Prior to the contest, Leonard explained his decision to Tim Reynolds of The Associated Press, referencing his brother who served two tours of duty in Afghanistan with the Marines, as well as friends who are Navy SEALS.
"I absolutely believe Black lives matter," the 28-year-old said. He added: "Some of the conversations I've had over the past three days, quite literally, have been the most difficult. I am with the Black Lives Matter movement and I love and support the military and my brother and the people who have fought to defend our rights in this country."
Like San Antonio Spurs head coach Gregg Popovich - who also opted to stand for the anthem Friday - Leonard wore a "Black Lives Matter" shirt.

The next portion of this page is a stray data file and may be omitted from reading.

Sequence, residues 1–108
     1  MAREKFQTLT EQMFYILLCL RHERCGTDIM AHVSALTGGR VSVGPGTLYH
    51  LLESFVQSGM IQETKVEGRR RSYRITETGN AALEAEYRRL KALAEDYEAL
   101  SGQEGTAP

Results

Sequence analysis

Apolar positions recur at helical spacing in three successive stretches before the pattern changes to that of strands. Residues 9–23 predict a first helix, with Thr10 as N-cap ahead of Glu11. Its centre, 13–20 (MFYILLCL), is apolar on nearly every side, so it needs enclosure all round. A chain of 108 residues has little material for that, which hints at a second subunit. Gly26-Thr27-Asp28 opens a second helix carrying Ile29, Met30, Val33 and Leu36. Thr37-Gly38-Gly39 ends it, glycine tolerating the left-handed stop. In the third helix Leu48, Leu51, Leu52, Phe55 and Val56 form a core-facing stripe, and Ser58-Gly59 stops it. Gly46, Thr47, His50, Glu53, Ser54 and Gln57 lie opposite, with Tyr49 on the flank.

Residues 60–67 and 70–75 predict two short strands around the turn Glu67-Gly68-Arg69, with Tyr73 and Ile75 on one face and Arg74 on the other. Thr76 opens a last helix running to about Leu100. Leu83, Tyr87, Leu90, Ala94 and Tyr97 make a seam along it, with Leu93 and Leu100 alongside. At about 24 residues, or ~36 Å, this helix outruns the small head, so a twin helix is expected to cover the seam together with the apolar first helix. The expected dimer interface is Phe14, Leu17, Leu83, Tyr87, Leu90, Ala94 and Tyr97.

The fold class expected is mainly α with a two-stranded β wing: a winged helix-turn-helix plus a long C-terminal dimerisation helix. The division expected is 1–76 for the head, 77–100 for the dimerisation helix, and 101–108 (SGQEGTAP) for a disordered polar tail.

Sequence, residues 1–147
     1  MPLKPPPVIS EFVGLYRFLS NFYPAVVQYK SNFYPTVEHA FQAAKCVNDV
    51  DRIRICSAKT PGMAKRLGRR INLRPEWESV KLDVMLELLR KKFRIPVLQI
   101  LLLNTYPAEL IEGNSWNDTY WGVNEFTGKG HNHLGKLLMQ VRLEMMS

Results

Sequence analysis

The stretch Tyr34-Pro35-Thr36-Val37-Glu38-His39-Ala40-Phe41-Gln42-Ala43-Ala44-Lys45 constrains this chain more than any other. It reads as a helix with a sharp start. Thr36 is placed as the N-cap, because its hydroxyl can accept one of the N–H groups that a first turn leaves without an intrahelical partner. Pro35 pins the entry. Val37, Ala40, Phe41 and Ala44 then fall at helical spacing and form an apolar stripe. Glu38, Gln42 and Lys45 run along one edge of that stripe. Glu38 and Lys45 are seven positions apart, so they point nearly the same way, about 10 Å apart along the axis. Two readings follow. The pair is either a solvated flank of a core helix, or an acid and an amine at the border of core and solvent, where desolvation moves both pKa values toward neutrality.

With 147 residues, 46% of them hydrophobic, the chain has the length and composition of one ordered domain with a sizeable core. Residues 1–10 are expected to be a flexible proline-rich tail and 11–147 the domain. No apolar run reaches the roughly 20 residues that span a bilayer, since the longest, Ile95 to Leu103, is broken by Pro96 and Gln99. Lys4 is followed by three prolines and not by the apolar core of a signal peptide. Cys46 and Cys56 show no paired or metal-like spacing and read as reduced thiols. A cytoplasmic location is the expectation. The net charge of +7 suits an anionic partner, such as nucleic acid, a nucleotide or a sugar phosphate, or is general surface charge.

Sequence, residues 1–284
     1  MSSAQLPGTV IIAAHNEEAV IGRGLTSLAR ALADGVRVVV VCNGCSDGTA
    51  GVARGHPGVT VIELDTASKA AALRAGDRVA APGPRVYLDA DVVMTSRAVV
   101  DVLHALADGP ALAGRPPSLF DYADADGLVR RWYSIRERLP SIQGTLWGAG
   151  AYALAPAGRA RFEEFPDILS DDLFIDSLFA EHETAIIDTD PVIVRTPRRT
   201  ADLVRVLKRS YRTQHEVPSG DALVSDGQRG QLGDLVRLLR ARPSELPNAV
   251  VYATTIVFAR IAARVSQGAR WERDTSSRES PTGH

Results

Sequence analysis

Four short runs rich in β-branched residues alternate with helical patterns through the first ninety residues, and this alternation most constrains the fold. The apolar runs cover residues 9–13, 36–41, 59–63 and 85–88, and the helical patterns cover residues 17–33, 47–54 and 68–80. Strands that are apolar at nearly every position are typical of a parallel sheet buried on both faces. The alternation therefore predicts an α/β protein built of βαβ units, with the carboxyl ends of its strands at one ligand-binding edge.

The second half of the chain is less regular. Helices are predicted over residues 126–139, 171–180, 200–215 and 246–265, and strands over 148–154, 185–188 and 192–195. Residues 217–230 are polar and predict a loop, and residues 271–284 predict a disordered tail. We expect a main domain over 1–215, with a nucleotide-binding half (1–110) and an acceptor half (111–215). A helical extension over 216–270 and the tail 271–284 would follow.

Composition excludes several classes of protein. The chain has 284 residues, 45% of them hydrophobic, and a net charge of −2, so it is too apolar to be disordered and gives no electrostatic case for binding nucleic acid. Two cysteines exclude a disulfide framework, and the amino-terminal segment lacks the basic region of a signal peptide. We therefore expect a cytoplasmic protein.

"I am a compassionate human being and I truly love all people," Leonard said. "I can't fully comprehend how our world, literally and figuratively, has turned into black-and-white. There's a line in the sand, so to speak: 'If you're not kneeling, you're not with us.' And that's not true.
"I will continue to use my platform, my voice, and my actions to show how much I care about the African American culture and for everyone. I live my life to serve and impact others in a positive way."